Human rights lawyer Amal Clooney brought her sartorial style to the International Government Communications Forum in Sharjah, United Arab Emirates on Sunday. She looked chic, elegant and at the same time business-like in a Stella McCartney dress. She told the audience in the Middle East that governments around the world should be vocal, consistent, principled and transparent about human rights.
Amal was speaking at the opening of a government communications summit in the UAE. She was one of the five guest of honor at the annual event, which included the ruler of Sharjah, Sheikh Sultan bin Mohammed Al Qasimi. The 38-year-old British-Lebanese lawyer drew on her expertize as an international advocate and human rights activist. She underlined how respect for international law can contribute to improving the image of nations globally.
The style icon as usual looked chic in a dress by British designer Stella McCartney. Amal opted for the Petra dress which featured floral designs in black, white and green. The form-fitting stretch cady dress had small poppy prints.
Amal’s dress was cinched in at the waist with an elastic band in black and gold stripes. The dress also had short sleeves, high neck and concealed zip fastening. The barrister showed off her toned arms and legs in the spring-inspired number.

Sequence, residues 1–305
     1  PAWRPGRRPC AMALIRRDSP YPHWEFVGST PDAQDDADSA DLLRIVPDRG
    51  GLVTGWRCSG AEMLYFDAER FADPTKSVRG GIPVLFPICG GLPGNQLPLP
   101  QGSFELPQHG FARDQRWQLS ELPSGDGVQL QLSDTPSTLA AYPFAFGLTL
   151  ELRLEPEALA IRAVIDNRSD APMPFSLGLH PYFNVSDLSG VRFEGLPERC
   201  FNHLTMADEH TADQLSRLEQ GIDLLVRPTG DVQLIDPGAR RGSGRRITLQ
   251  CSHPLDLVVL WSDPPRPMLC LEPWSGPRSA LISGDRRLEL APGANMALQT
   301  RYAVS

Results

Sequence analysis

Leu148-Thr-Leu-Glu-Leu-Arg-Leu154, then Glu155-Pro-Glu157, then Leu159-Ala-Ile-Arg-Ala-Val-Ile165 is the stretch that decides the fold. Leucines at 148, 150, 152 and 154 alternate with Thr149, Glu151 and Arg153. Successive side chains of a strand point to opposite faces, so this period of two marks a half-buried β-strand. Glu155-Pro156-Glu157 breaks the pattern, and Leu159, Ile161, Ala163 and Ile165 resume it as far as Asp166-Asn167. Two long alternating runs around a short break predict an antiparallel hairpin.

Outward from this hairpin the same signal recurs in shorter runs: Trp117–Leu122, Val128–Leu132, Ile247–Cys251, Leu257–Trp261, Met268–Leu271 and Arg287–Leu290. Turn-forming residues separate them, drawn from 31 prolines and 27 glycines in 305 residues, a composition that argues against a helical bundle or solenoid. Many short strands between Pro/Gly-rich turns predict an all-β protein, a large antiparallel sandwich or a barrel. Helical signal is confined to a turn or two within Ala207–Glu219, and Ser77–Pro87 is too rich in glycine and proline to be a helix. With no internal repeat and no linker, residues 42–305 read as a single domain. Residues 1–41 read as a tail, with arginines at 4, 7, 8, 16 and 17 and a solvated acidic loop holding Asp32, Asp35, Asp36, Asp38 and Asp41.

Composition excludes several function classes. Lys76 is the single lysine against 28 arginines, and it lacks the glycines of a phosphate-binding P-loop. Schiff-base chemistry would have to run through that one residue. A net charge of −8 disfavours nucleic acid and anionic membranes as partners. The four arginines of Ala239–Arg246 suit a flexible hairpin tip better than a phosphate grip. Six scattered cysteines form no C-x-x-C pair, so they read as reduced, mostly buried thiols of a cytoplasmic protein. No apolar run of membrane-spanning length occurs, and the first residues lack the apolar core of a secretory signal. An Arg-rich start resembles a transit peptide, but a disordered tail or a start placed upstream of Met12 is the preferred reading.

She accessorized with a pair of delicate drop pearl earrings. Her make-up was flawless and consisted of black eyeliner and mascara. She also wore her signature dark red lipstick.
Her long brunette tresses were left loose over her shoulders in her trademark glossy blowout. Her hair was styled in loose curls and kept in a side part. “The first piece of advice I would have from my experience is that governments need to be vocal about human rights,” Amal said.
— @SharjahMedia (@sharjahmedia) March 20, 2016
Married to Hollywood heartthrob George Clooney, she said that Arab countries were facing “an unprecedented human rights crisis.” She urged that criticism of ruling systems be met with dialogue, not prison terms, and that protests be met with “crowd control,” not bullets.